After a lovely holiday shared with family and an equally enjoyable festive meal, I joined my mother in the kitchen for our annual dish-washing marathon. While I never find scraping bones into wastebaskets and finding room in the fridge for leftovers a particularly enjoyable task, this time has always been a good break to catch up and reflect. This year, our discussion moved to the particularly large turkey that we had ordered this year and from there to the ridiculous industry that is Thanksgiving turkey sales.
While it is hard to imagine the grotesque conditions these birds endure from cramped cages to debeaking, a little bit of web research opened my eyes to the horrors that humans involved with this industry similarly must suffer. For a truly horrifying assessment of the conditions of the average turkey worker, check out this article by Charlotte Williams on AlterNet. Desiree Evans, from the Institute for Southern Studies, shares a similarly disturbing story in her article, “The Hands Behind the Turkey.”
Nearly 46 million turkeys grace American tables at Thanksgiving and 22 million at Christmas. Each of these turkeys must be raised, slaughtered, and prepared in time for the holiday season. While the people who consume this turkey participate in an American tradition, primarily Latino, African American, Somali, Burmese and other immigrant and refugee groups work in dangerous conditions to prepare these birds. Changing demographics have created a strong immigrant labor force. For example, Evans writes that North Carolina, the second largest turkey-producing state has seen a growth in its Latino population from 76,000 in 1990 to half a million today.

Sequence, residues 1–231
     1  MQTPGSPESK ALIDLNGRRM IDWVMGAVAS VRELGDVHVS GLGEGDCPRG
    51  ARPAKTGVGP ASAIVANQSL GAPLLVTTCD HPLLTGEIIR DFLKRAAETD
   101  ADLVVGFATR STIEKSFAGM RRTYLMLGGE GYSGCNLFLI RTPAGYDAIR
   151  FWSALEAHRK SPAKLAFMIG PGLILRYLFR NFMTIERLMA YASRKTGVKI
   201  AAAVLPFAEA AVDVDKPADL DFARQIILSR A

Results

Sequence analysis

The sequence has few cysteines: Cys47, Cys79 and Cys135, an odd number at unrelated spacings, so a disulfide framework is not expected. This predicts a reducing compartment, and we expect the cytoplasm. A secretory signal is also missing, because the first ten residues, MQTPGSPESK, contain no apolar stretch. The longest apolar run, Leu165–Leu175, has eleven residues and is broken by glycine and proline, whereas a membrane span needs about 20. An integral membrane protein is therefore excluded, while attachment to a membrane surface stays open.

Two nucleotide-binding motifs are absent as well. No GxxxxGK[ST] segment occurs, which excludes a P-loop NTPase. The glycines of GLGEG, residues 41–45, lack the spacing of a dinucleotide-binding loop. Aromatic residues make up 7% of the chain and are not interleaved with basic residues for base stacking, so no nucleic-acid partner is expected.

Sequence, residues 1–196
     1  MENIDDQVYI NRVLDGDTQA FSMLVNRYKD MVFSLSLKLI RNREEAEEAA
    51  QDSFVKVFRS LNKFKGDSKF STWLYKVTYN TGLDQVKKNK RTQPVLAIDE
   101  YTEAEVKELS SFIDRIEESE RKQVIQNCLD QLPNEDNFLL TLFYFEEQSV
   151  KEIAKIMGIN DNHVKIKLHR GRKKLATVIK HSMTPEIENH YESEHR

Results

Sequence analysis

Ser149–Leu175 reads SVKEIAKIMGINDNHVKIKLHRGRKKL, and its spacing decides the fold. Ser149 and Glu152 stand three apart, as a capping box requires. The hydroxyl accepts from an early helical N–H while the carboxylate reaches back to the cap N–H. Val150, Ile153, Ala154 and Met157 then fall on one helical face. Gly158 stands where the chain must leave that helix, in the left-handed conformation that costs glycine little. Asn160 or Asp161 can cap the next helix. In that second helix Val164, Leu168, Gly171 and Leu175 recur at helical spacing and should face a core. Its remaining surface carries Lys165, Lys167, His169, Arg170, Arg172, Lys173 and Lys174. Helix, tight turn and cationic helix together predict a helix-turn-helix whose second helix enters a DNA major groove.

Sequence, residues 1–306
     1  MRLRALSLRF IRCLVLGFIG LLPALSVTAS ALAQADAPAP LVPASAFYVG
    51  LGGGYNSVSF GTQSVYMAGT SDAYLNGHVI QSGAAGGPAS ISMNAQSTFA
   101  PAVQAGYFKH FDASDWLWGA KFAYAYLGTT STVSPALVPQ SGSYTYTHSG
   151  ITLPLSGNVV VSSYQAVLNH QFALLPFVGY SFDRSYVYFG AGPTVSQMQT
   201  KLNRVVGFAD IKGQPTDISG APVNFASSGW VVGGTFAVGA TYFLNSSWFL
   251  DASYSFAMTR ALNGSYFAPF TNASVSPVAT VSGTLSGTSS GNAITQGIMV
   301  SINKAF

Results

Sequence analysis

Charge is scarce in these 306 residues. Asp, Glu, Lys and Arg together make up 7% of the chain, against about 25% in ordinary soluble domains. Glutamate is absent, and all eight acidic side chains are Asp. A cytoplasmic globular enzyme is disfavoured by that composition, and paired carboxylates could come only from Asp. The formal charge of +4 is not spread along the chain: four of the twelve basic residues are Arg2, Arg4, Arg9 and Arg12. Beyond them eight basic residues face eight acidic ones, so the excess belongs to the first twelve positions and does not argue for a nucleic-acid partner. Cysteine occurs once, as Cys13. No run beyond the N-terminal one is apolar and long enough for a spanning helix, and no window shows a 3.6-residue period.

Processing about 30 turkeys a minute, these workers face a number of significant hazards ranging from toxic chemical exposure to dangerous, rapidly functioning machines. These conditions can result in nerve damage, severe muscle strain, loss of appendages, skin rash, hearing problems, and many other serious work-related injuries. 100 U.S. poultry workers have died on the job during the past decade and more than 300,000 have been injured. Regulations to monitor these factories remain conflicting and inadequate. As Williams notes, the United States Department of Agriculture (USDA) Office of Food Safety Inspection determines the maximum speed for assembly lines during the slaughtering process. The Office of Safety and Health Administration is charged with the protection of the health and safety of poultry workers. This disconnect over jurisdiction means that speed limits may be changed without proper consideration for the workers behind these lines.
While these facts represent only a small fraction of the problem, the risks that they illustrate make me shudder at what has become of our nation’s food industry. Human beings are being forced to conform to the risky mechanization of agribusiness and factory farming without proper developments in health and safety regulation. Combining this information with previous knowledge about the treatment of turkeys is certainly enough to make me consider a tofurkey next year. I think it is time to start researching treatment of soybean harvesters.